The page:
Craving is very tricky; it’s always pushing you. Whatever you think, whatever you say, whatever you do, craving is pushing you, motivating you. There are many ways for craving to come in or arise in your mind. What do you want? Sometimes you should ask yourself: What do I want? Do I want something? There’s always wanting. Because of this wanting, desire, craving, expectation (same meaning), the mind is suffering, tense, and dissatisfied.
—Sayadaw U Tejaniya, Dhamma Everywhere (p. 107)
(photo by Indonesian Yogi, Retreat with SUT, BrahmaViharaArama, Bali July 2011)

Craving (1)

Craving is very tricky; it’s always pushing you. Whatever you think, whatever you say, whatever you do, craving is pushing you, motivating you. There are many ways for craving to come in or arise in your mind. What do you want? Sometimes you should ask yourself: What do I want? Do I want something? There’s always wanting. Because of this wanting, desire, craving, expectation (same meaning), the mind is suffering, tense, and dissatisfied.

Sayadaw U Tejaniya, Dhamma Everywhere (p. 107)

(photo by Indonesian Yogi, Retreat with SUT, BrahmaViharaArama, Bali July 2011)

Being present (1)

Stay with the peace in the present moment. Just be in the present moment, stay in the present moment. The present moment is the only thing that exists. Past does not exist and future does not exist either. Now, stay in the present moment, peacefully. Just simply be aware in the present moment; the mind is very peaceful not wanting anything. If wanting or craving exists, your duty is just to recognize. No need to judge what is happening.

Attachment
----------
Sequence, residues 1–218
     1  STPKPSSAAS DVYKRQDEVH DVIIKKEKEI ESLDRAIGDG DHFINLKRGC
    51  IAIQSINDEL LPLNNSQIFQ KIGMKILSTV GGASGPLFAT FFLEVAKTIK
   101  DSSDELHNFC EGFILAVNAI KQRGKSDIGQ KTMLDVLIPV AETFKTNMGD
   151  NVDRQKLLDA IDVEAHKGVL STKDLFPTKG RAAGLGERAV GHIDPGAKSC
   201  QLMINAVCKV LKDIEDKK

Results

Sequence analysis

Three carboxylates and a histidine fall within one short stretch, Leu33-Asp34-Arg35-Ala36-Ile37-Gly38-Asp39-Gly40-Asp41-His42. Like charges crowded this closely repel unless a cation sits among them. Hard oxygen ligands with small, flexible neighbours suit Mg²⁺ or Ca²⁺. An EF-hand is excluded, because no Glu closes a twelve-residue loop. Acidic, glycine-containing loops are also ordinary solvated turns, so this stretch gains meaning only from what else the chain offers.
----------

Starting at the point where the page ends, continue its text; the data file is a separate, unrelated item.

Sayadaw U Tejaniya, Dhamma Everywhere (p. 103)

(photo by Hor Tuck Loon)

Vipassanā samādhi (1)

Samādhi comes from right attitude, right idea, and right knowledge. You are not trying to do anything with craving. You are not trying to do anything with aversion or delusion. You are aware in the present moment with the right attitude. Whatever is happening in the mind and body is just nature. If you think this way that nature is nature, feeling is feeling, the mind is not reacting, liking or disliking. So the mind is peaceful and stable.

Sayadaw U Tejaniya, Dhamma Everywhere (p. 102)

(photo by Russian Yogi, Retreat in Moscow, July 2012)

If you have right attitude then everything is no problem and the object does not disturb you. Any object is a dhamma object, dhamma nature. Even pain can be an object. Pain is an object; no pain is also an object. Object is object; if you understand object as object, the mind can’t attach and can’t resist. The mind with no craving and no aversion has samādhi.

Sayadaw U Tejaniya, Dhamma Everywhere (p. 100)

Lobha is always present. Lobha’s nature is wanting or craving and its nature is to exaggerate things. It is very sticky like glue; it doesn’t let go or release. It never feels satisfied or contented because it thinks there is too little, there is never enough.


Sayadaw U Tejaniya, Dhamma Everywhere (p. 90)

There is nothing to be liked about an object. There is also nothing that you get just because you like it. You only get things when the conditions are ripe for you to get them. Whatever is happening is due to nature; you just wait and watch this process objectively. If craving is absent, you will just see what is to be seen. There is nothing attractive about what is happening. There only needs to be knowing.

Sayadaw U Tejaniya, Dhamma Everywhere (p. 90)

(photo by Malaysian Yogi, Retreat at SOM, Dec./Jan. 2011/2012)